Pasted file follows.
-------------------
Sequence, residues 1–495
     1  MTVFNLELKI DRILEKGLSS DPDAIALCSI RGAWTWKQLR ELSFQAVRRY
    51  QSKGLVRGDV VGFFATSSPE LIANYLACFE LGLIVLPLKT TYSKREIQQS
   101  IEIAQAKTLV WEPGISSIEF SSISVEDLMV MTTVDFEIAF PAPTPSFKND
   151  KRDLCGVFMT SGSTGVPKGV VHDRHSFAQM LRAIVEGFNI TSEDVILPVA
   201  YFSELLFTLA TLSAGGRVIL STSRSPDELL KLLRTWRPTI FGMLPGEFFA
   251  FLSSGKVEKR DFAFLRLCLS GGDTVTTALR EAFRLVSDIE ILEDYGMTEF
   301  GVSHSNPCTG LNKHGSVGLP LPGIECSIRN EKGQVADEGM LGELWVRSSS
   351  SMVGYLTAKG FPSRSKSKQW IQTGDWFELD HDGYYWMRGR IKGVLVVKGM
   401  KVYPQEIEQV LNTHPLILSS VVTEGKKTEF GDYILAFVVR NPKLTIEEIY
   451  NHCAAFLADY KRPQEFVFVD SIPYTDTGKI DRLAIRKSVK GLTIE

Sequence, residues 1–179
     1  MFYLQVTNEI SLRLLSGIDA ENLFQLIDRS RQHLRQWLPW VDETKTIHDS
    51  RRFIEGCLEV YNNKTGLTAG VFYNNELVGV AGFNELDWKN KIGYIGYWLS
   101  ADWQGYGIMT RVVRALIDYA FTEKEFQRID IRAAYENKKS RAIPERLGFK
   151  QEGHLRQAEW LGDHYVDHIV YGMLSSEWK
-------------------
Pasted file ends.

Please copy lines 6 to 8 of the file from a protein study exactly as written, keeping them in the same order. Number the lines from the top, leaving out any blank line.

   201  YFSELLFTLA TLSAGGRVIL STSRSPDELL KLLRTWRPTI FGMLPGEFFA
   251  FLSSGKVEKR DFAFLRLCLS GGDTVTTALR EAFRLVSDIE ILEDYGMTEF
   301  GVSHSNPCTG LNKHGSVGLP LPGIECSIRN EKGQVADEGM LGELWVRSSS